In 2005 British farmer Jim Chapman lost his left arm after he got too close to an unguarded tractor shaft.
“It was like [in] a matter of seconds, it grabbed hold of my jumper, wound me in and I went over the top of the shaft and landed on the floor without my left arm,” he said.
Mr Chapman is visiting Australia from the United Kingdom as part of the Nuffield Farming Scholarship he was awarded last year.
His goal is to explore methods of reversing what he calls the “appalling safety record in agriculture”.
Life after farming accident
For 12 months Mr Chapman struggled to deal with the aftermath of the accident that left him without his arm.
Eventually, his friends dragged him out of the house and he became involved in a young farmer’s organisation and was later asked to be part of a farm safety campaign.
“They wanted a disabled farmer who didn’t mind telling their story about having an accident on the farm and how it affects your life,” he said.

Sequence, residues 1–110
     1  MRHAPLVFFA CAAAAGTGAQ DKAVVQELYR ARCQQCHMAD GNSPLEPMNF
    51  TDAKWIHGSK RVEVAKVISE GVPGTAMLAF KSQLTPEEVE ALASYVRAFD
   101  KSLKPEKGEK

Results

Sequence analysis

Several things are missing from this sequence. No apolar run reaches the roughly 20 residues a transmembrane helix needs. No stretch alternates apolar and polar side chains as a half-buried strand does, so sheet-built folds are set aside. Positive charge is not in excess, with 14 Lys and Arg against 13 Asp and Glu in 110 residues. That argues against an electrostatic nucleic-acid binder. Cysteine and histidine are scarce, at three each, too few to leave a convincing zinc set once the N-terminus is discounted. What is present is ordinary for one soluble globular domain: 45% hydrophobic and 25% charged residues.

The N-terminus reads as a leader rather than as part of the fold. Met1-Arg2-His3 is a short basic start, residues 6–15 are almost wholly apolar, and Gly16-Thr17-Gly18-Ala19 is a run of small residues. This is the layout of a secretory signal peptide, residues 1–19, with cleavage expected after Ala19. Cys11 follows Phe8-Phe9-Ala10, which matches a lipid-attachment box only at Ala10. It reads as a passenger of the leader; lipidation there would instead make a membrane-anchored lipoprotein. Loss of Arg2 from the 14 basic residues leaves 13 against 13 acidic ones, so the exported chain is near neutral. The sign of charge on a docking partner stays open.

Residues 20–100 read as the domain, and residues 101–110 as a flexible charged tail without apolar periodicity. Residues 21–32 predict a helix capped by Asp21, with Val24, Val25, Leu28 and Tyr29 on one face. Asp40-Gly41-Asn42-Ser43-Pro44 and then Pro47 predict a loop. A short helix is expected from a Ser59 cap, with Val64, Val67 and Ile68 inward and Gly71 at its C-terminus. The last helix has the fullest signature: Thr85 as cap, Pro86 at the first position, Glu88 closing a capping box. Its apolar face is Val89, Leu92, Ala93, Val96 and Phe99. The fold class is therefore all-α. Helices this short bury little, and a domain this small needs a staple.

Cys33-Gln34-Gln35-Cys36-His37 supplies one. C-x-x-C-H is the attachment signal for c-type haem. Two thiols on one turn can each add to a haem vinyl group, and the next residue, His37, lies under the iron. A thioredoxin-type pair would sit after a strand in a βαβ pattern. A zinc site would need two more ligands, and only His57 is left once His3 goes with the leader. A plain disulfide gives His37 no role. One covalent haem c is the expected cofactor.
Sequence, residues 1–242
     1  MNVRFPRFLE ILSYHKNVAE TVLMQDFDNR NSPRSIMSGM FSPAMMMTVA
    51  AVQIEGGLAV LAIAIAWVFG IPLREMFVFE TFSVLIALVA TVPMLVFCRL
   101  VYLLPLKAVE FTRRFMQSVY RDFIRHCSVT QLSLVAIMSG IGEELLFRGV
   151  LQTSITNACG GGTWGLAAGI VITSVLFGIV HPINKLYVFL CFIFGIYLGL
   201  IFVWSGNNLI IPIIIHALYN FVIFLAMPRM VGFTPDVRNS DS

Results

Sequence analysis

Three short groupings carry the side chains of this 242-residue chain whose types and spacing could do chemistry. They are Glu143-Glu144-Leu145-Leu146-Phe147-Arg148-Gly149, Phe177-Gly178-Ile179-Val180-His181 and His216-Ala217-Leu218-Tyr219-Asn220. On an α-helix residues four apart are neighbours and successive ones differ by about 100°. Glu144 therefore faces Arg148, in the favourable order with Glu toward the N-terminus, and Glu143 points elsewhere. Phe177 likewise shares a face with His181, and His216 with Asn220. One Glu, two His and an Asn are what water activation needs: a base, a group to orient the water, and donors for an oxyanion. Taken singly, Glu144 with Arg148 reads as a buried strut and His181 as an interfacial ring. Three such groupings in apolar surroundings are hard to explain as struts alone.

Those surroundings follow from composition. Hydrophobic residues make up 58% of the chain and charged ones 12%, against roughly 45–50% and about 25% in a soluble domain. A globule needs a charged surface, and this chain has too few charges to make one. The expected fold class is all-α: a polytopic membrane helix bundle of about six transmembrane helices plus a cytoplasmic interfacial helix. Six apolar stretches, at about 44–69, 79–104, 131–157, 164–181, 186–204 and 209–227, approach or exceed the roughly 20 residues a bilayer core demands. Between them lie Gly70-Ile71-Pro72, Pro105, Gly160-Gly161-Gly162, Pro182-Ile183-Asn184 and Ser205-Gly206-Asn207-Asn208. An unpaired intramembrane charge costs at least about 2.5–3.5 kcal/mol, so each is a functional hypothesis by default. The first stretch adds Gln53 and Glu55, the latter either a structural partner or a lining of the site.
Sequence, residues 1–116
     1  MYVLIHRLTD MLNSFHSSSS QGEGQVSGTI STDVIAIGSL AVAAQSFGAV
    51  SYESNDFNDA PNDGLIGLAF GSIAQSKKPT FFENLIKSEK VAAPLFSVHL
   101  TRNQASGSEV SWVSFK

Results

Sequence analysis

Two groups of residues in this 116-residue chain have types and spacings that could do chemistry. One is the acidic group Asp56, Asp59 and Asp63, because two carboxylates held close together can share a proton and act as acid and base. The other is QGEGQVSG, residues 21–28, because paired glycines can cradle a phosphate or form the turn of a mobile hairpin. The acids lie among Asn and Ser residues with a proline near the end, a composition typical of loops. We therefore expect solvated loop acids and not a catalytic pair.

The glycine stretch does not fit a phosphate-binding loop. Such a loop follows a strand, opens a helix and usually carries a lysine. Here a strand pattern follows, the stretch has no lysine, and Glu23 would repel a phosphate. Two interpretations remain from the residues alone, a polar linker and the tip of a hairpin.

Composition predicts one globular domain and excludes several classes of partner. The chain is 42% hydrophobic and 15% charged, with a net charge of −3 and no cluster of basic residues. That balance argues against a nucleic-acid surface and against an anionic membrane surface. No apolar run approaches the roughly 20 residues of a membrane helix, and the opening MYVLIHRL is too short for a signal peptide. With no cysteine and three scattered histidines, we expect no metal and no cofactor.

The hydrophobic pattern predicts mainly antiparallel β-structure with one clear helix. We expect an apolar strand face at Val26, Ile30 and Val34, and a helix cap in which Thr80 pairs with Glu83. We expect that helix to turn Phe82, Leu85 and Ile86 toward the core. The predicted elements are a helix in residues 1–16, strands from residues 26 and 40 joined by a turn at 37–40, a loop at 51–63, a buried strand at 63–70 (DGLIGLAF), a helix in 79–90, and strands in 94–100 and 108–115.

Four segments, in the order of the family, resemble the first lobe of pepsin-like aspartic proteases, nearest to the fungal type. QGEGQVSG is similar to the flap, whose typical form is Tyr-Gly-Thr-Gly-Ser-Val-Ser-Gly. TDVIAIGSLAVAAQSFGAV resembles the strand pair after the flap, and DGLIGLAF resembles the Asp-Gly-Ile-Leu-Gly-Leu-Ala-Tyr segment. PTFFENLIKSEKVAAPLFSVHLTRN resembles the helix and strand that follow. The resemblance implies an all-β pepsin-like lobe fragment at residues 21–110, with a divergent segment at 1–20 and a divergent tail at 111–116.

Mr Chapman now goes around telling his story to other farmers in the hope he can change attitudes to farm safety.
“My aim really is to make safety sexy once again,” he said.
“I say that for a bit of a laugh and it gets people in a bit of a smile but really it’s about changing that attitude.”
Taking a look at Australian farms
Mr Chapman stopped by Jigsaw Farms near Hamilton, in south-west Victoria where he was impressed by owner Mark Wootton’s approach to safety.
“The guy’s a fantastic farmer,” he said.